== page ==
Power to Teach. Power to Prevent?

Exploitation and moral responsibility in Holocaust filmmaking

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Nevertheless, the impulse behind Nazism--if not the massive scale of its realization--has been shared by other peoples and nations. This has taken the form of synagogue bombings in Paris, marches in Skokie, or witch hunts in Argentina.

As long as there are people like Professor Faurisson in France who proclaim in print that the gas chambers did not exist, there must be active resistance by those who know they did exist. The luxury of forgetfulness is not possible, because the Holocaust is neither a closed chapter nor an isolated event.

As Alain Resnais explained to me about his film, Night and Fog, "The constant idea was to not make a monument to the dead, turned to the past. If this existed, it could happen again; it exists now in another form."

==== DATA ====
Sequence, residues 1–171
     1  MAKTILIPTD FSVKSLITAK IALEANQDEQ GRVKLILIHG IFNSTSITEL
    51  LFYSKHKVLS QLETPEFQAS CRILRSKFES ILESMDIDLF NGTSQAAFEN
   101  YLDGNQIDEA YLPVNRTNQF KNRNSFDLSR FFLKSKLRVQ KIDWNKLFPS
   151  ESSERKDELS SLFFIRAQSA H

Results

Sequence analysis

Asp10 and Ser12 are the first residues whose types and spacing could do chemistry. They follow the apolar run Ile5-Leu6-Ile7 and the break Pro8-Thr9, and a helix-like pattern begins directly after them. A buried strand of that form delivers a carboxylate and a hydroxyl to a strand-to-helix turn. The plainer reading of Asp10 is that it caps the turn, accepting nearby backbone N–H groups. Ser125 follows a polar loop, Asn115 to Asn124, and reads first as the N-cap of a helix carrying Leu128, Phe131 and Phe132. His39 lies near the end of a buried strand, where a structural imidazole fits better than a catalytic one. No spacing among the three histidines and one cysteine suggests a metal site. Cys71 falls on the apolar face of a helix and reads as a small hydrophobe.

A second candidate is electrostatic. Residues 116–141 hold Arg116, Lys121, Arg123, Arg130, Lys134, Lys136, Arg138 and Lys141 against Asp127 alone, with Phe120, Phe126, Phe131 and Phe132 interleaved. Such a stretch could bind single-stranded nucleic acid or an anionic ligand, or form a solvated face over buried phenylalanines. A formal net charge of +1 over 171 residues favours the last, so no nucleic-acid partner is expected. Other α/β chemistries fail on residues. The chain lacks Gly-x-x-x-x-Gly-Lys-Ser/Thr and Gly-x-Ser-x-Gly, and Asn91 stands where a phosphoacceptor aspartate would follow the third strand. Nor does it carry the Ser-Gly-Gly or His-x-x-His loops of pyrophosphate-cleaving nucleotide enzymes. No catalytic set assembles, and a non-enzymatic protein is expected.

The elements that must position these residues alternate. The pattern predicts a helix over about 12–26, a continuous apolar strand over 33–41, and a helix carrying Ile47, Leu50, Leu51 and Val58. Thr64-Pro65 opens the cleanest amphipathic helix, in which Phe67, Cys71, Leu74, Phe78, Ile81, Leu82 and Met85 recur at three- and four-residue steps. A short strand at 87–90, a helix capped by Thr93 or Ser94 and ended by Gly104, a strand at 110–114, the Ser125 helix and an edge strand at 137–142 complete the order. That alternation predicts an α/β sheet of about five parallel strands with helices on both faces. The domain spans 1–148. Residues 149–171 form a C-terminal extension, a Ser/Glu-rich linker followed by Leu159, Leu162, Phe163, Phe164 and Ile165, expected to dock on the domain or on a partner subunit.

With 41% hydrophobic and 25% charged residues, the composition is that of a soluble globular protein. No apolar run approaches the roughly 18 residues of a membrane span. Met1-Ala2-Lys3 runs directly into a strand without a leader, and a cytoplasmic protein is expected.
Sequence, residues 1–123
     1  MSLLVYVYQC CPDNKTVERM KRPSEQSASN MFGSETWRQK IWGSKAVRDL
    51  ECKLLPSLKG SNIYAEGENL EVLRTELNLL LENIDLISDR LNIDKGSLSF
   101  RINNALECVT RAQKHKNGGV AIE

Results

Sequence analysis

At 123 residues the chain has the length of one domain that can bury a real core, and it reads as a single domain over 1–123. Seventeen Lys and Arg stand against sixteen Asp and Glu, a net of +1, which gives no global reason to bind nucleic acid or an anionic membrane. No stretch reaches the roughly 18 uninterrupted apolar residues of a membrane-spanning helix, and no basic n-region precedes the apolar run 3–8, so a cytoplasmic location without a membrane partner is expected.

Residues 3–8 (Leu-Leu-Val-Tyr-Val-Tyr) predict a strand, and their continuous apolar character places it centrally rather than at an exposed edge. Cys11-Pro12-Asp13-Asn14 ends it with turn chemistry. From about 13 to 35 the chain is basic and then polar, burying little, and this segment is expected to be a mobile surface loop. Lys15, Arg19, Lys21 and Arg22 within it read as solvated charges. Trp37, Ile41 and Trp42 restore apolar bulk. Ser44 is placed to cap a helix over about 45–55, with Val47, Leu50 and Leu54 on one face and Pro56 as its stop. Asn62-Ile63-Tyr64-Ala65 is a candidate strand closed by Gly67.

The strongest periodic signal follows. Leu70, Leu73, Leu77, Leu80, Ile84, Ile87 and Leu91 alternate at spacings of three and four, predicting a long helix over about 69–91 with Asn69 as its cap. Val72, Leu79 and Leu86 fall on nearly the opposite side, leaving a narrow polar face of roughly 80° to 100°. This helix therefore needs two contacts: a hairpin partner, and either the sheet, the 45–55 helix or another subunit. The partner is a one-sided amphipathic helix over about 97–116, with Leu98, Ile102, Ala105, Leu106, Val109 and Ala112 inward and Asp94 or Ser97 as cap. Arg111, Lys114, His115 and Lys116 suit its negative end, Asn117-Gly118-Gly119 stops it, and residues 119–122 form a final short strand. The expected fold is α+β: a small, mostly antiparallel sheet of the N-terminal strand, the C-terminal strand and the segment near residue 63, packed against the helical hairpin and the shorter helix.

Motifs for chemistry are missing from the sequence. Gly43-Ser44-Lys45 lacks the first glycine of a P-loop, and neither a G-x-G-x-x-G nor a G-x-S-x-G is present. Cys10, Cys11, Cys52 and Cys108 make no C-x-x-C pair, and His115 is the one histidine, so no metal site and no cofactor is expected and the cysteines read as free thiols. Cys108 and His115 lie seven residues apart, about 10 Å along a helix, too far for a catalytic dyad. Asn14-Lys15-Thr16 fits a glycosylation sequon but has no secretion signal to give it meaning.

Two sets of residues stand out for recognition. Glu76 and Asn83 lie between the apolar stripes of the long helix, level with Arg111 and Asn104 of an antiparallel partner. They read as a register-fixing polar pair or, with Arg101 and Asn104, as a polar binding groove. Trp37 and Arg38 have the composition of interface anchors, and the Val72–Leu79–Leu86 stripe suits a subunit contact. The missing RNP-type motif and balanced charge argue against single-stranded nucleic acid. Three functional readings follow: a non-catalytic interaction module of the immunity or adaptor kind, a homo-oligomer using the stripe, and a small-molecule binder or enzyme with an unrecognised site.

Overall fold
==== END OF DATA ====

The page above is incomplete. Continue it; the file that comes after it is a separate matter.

Films not only commemorate the dead but illuminate the price to be paid for unquestioned obedience to governmental authority. In recognizing our ability to identify with characters, whether Jewish, German, kapo, or Communist, we move one step closer to guarding against that which permitted the Holocaust to develop--indifference. Perhaps the beam cast by film projectors can pierce the continuing willed blindness.
 

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Annette Insdorf

Annette Insdorf is Director of Undergraduate Film Studies at Columbia University, where she holds the title of Professor as well as Chair of the Doctoral Program in Film Theatre.